WHO officials: the ethics and effectiveness of lockdown policies, natural herd immunity

12 October, 2020

Update 12 October: The Director-General of the WHO spoke against the idea of letting herd immunity to COVID-19 to develop naturally by letting people in lower risk groups be exposed and infected. He pointed out that this has never been used as a public health response to a disease outbreak, and that there is not enough data to even know whether people are immune to the disease after having it. Dr. Tedros said health officials typically aim to achieve herd immunity by vaccination. "Herd immunity is achieved by protecting people from a virus, not by exposing them to it." He added that "allowing a dangerous virus that we don’t fully understand to run free is simply unethical." 

Posted 11 October: The World Health Organization’s special envoy on COVID-19 Dr. David Nabarro in an interview stated lockdowns are not helpful as the primary means to control COVID-19. He advocated a middle path which means holding the virus at bay whilst keeping economy and social life going. It would require "high level of organisation by governments and remarkable degree of engagement of people" with robust infectious disease control services or public health. He emphasised on combining of several measures such as "physical distancing , face protection, hygiene, isolating the ill and protecting the vulnerable" as an effective method. See the complete interview here on YouTube.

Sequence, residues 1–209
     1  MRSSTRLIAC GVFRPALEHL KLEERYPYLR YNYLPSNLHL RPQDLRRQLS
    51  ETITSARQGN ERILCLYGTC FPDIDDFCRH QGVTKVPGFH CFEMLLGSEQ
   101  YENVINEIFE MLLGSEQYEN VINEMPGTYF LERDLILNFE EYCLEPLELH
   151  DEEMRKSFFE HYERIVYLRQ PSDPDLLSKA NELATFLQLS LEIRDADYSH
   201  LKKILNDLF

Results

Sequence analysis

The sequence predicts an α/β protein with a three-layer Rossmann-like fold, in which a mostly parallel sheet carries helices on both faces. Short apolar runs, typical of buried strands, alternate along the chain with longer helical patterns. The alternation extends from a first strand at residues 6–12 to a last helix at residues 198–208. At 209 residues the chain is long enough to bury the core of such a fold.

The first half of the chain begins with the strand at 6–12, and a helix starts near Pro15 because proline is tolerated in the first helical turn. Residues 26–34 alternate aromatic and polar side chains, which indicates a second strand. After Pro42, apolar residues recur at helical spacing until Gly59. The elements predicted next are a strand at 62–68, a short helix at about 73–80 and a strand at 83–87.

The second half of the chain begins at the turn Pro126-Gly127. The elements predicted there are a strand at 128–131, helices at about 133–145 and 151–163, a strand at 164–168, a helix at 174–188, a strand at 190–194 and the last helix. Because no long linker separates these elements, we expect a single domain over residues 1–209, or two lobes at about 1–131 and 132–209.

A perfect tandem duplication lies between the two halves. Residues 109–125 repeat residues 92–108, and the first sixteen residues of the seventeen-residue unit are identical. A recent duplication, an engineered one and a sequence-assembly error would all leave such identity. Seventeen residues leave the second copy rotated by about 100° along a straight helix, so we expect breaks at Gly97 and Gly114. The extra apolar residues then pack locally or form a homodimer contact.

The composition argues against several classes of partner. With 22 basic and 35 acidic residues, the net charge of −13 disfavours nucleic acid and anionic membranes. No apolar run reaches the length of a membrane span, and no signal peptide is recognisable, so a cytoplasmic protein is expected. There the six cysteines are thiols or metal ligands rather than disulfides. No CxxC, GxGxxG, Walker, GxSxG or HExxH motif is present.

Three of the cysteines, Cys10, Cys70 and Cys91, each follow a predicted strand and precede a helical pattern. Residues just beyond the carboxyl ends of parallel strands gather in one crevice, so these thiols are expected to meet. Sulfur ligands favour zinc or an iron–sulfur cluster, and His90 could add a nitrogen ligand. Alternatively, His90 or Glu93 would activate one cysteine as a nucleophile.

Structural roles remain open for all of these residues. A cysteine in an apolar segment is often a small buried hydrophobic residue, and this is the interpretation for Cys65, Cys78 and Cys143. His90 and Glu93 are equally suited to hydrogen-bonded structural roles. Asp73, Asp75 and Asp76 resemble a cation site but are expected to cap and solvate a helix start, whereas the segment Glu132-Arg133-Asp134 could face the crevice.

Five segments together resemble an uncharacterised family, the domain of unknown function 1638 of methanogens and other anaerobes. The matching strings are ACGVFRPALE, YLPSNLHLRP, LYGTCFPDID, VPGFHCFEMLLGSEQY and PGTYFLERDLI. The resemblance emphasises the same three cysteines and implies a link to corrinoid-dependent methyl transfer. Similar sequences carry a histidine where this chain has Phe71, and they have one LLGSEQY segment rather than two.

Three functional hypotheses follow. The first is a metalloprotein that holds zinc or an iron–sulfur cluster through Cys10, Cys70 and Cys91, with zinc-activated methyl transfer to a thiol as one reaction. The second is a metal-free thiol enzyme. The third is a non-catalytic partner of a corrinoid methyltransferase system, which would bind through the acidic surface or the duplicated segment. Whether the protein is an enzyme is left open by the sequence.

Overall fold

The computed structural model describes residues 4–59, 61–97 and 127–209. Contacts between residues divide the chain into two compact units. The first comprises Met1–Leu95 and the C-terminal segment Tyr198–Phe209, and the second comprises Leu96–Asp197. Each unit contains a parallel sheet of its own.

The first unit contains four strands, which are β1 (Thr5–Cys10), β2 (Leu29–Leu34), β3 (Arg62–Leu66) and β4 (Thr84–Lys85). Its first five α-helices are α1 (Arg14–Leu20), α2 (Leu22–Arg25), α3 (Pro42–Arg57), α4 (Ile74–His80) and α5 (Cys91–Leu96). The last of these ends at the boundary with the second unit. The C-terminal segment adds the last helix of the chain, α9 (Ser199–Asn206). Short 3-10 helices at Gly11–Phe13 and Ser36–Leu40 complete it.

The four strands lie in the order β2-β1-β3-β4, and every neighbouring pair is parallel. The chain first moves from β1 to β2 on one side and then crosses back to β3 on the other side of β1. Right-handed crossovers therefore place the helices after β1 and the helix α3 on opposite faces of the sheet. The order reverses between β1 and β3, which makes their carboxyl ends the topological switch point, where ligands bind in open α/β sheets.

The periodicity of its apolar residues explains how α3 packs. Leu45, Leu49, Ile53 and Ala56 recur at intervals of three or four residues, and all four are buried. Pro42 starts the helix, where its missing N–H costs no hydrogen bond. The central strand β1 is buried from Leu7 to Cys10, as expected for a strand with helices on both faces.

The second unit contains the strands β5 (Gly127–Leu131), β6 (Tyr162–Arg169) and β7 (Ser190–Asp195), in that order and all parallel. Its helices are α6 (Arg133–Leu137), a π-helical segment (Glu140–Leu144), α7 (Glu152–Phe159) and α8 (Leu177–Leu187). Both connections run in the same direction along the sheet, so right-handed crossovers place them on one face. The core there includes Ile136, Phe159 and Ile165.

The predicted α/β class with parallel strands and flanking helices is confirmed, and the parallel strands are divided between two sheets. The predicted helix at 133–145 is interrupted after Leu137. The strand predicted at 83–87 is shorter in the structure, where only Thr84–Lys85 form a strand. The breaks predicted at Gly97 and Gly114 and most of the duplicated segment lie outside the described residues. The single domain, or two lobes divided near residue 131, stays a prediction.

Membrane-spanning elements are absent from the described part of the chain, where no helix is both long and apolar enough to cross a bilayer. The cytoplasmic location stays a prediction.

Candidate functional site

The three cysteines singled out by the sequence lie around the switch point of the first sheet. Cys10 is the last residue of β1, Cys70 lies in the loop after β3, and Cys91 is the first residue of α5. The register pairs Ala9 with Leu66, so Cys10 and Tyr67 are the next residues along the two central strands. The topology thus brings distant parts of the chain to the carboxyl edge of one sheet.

This resonates with the "Great Barrington Declaration", a petition endorsed by numerous public health scientists and epidemiologists urging policymakers to take a focused approach called 'Focused Protection' instead of lockdown policies. They advocate promoting herd immunity while taking measure to protect the vulnerable groups.

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